Members of the RCMP return from a boat patrol of a still flooded neighborhood in High River, Alberta., Thursday, July 4, 2013. One project of the Global Water Futures is developing more accurate models to predict flooding before it happens Photo: Jeff McIntosh / THE CANADIAN PRESS

Global Water Futures conference: Water problems seeking solutions

Its becoming more common to hear of unexpected flood disasters, drought disasters, and lack of safe drinking water, not only in Canada, but around the world.

A major initial gathering to discuss issues concerning water is wrapping up a four-day conference today.

About 400 scientists and other officials primarily from across Canada, but including scientists from around the world are attending the Global Water Futures gathering at McMaster University in Hamilton Ontario.

Professor John Pomeroy (PhD) is Canada Research Chair in Water Resources and Climate Change and Director of the Global Water Futures Initiative at the University of Saskatchewan


Global Water Futures is a seven-year, University of Saskatchewan-led research program established in 2016.

Professor John Pomeroy speaking at the GWF convention segment held on the Six Nations Reserve near Hamilton. Photo: Mark Ferguson

The research goal is to transform the way communities, governments and industries in Canada and other cold regions of the world prepare for and manage increasing water-related threats.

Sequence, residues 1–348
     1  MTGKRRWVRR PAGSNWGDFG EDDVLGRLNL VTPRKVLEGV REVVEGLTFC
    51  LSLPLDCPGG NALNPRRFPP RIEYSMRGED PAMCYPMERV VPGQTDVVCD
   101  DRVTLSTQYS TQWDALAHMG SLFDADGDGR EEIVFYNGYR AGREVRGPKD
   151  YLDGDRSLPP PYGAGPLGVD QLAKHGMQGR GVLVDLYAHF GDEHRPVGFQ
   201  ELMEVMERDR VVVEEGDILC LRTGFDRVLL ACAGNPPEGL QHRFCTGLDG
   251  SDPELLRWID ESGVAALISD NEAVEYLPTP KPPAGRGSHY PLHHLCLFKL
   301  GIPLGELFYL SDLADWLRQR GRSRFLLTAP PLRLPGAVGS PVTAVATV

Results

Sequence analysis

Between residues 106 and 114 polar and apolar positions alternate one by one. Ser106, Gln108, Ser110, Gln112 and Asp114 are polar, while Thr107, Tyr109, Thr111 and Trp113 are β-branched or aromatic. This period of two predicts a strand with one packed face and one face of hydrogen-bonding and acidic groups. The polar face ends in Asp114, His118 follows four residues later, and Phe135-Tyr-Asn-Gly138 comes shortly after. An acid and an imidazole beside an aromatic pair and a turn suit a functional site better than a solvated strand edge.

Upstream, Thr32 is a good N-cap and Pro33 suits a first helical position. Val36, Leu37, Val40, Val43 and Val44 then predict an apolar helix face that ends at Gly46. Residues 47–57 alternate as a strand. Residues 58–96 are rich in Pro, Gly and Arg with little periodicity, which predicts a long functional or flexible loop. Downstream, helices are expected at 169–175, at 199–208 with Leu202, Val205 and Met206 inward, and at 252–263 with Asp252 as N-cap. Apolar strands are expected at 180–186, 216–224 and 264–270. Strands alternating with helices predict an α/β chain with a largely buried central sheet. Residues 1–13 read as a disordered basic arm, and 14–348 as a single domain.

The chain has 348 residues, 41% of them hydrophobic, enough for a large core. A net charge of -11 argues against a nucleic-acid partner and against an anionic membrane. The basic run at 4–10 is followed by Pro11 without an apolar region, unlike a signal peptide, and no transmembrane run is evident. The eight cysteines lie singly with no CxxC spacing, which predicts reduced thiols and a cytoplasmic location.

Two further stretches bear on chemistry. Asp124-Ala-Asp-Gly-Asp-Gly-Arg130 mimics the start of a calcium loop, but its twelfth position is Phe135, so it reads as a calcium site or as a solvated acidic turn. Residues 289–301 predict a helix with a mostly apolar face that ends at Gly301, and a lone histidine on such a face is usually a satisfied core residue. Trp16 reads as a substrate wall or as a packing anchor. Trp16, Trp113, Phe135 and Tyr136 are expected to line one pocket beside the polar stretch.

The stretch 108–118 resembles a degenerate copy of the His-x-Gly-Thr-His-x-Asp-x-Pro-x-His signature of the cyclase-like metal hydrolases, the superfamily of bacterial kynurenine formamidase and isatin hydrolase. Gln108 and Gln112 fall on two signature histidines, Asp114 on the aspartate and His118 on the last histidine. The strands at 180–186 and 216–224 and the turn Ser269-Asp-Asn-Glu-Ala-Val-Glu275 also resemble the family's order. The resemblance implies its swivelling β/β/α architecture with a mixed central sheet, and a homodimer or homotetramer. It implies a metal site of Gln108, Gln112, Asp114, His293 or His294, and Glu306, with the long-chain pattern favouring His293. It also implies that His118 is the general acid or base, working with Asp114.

Cape Town S.Africa water reservoir near zero. The city has narrowly avoided a major crisis with heavy rain recently and major usage restrictions. The GWF will also be developing strategies to predict and avoid such situations in future. Photo Mike Hutchings-Reuters

This first meeting is to determine progress to date on a number of initiatives and to exchange ideas and information among a wide variety of collaborators and interested parties.

Delegates in the corridor outside one of the sessions at the Six Nation Reserve. Sessions were split between McMaster University and the Reserve. Photo: Mark Ferguson.

The project seeks to develop solutions and predictive models for Canada in these first years that can then also be shared with other countries and regions around the world, with scientists from Europe, Asia, South America and Africa already on board.

Other more localised international meetings, such as one set for October in Chile to discuss mountain water issues such as de-glaciation, are set to take place between the major annual gatherings to be held in Canada.

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